The best and biggest vertical gardens in the world
All over the world vertical gardens are seeing creativity rise to new heights. Cleaning the air and combatting pollution these living, or green walls are changing our environment for the better. They can be used on indoor or outdoor walls, on fences or even free standing.
The vertical garden is made up of 3 parts – a metal frame, a PVC layer and a layer of felt. The plants can be installed on the felt layer as seeds, cuttings or grown plants. The entire weight of a vertical garden, including the living plants and frame, is lower than 30 kg per square meter. Thus, these gardens can be implemented on any wall, without any size or height limitation.
Santalaia – Bogotá, Columbia
The largest vertical gardens in the world is now in Bogotá, Columbia. The Santalaia residential building can be found in the Rosales barrio and features 3,117 m2 of plants. Literally a breath of fresh air in the densely populated capital. This living building was completed in December 2015 after 16 months of planning and construction.
- 8 months of planning and 8 months for installation
- 115,000 plants – carbon footprint compensation of 700 people
- 3,000 m2 vegetation = oxygen for 3,100 people every year
- 42 irrigation stations
- Plant coverage = Reducation of Heat Island effect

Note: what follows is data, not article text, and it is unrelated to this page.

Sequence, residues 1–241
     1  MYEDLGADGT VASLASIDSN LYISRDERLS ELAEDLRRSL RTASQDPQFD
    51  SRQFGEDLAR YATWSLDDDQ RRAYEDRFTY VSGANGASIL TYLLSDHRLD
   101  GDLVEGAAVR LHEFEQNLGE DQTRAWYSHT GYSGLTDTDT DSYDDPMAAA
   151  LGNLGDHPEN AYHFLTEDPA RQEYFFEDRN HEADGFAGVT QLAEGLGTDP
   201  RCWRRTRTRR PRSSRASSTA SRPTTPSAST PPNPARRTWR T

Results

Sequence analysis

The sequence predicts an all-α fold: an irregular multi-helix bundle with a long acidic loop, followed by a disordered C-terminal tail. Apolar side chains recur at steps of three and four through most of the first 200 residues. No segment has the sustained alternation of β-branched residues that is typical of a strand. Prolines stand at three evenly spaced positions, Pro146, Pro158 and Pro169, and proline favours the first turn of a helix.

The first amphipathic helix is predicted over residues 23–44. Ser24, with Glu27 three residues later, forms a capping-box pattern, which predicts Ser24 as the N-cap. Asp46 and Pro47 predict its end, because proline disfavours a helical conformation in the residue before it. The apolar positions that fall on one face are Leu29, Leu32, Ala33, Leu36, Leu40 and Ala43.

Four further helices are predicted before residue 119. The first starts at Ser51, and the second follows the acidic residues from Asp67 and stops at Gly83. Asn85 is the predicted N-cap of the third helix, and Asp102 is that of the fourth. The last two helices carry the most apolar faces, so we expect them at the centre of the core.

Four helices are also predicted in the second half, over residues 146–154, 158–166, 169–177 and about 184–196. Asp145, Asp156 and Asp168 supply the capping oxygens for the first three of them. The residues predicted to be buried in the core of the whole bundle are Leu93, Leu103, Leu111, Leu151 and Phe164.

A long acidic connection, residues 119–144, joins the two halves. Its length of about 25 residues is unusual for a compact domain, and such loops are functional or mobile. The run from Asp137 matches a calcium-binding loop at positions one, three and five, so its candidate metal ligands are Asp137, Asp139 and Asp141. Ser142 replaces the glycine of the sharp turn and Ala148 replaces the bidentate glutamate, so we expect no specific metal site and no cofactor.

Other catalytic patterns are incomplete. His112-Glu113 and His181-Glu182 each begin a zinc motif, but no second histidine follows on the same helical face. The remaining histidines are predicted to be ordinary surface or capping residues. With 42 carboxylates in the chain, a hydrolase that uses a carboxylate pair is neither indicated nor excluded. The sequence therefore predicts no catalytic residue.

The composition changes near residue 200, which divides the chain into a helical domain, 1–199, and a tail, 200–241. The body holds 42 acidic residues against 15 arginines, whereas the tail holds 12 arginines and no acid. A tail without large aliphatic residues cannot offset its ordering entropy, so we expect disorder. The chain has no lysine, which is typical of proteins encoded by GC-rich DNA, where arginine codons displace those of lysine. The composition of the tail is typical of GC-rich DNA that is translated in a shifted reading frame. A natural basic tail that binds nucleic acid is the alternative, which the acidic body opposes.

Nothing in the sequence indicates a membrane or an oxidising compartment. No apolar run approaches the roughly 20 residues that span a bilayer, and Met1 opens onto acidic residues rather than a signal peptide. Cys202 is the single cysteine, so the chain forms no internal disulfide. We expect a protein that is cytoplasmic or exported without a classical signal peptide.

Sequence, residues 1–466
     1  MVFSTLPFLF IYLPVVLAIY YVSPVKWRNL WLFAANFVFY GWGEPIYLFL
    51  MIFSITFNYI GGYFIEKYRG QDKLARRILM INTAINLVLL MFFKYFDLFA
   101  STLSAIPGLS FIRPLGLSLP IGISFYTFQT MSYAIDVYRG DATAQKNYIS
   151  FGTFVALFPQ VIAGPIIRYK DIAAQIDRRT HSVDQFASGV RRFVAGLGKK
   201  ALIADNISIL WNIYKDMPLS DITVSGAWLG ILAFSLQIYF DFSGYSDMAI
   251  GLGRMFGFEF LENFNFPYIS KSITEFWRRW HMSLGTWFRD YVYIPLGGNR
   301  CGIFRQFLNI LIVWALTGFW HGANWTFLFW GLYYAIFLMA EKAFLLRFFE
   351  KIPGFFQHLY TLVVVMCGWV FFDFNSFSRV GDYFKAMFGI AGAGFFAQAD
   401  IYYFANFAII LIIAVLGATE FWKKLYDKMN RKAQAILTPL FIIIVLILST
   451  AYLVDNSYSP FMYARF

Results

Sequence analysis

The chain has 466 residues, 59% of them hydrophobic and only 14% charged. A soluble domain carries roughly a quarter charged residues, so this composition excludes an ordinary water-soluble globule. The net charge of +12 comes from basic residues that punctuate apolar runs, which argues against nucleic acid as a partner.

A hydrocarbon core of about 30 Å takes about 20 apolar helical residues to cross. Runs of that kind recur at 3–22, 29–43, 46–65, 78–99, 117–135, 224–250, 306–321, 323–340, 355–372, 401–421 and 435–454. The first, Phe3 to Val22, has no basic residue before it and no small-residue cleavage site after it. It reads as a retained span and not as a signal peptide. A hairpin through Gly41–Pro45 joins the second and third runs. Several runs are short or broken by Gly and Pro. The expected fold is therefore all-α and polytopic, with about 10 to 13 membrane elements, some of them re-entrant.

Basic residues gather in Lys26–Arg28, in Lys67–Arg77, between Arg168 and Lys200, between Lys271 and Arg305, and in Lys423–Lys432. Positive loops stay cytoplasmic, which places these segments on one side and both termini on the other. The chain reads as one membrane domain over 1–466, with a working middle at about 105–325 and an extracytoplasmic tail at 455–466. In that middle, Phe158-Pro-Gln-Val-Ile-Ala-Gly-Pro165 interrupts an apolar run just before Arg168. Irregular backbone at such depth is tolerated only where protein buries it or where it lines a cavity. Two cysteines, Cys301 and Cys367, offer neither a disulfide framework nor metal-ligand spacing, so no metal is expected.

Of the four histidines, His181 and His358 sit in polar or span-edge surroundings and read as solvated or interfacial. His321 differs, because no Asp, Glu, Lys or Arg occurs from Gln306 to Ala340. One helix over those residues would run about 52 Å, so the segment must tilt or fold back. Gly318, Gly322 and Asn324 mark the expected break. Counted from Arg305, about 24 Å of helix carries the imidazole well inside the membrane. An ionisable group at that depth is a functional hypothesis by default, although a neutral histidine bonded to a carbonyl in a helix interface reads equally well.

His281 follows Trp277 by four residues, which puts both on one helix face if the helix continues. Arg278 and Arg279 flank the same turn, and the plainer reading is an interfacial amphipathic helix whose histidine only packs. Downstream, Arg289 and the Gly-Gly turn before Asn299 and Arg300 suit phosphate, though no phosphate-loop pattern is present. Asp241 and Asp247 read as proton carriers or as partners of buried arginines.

- Air Cleansing for the PMM emissions of 745 cars
A vertical garden of this size will process 1,708 pounds of heavy metals, filter more than 2,000 tons of harmful gases and catch more than 881 pounds of dust every year.
The massive vertical garden is made up of plants such as rosemary, dwarf Hebe, asparagus fern, vincas and spathiphyllum flowering plants, among many others.
The project was built in collaboration between builder and designer Exacta Proyecto Total, Paisajismo Urbano (Vertical Garden Technology) and Groncol (Vertical garden and green roof designer and installer).
Even watering doesn’t put a drain on resources and has been cleverly designed to use up waste water. “The Santalaia building is using water from the apartments’ showers for irrigation. Among many technical details, we installed humidity and radiation sensors to optimize water consumption as well as a water treatment plant so as not to have any water waste,” said Pablo Atuesta, general manager of Groncol.
Tree House, Singapore
The Tree House can be found in a quiet corner of Singapore’s District 23. City Developments Limited (CDL) won a tender for the site in 2009 and the project was completed in 2013, setting a new Guinness World Record at the time for the world’s largest vertical garden. The wall measures a staggering 2,288 m2 and saves more than half a million dollars in energy and water costs every year. The 24-storey apartment building features state-of-the-art sustainable technologies like heat-reducing windows, motion sensors for lighting and a sloped design to maximise rainfall catchment.
Shin-Yamaguchi Station, Japan
Designed and built by Patrick Blanc – the inventor of the vertical garden – this walkway connects the south and the north areas of the Shin-Yamaguchi Station. 100 metres long and with 400 m2 of surface area, it’s the biggest vertical garden in Japan. 17,000 plants representing 135 different species are living in this amazing wall – propagated by local nurseries for two years before installation. The plants are watered from the top several times per day with rain water collected from the roof of the building, and well water.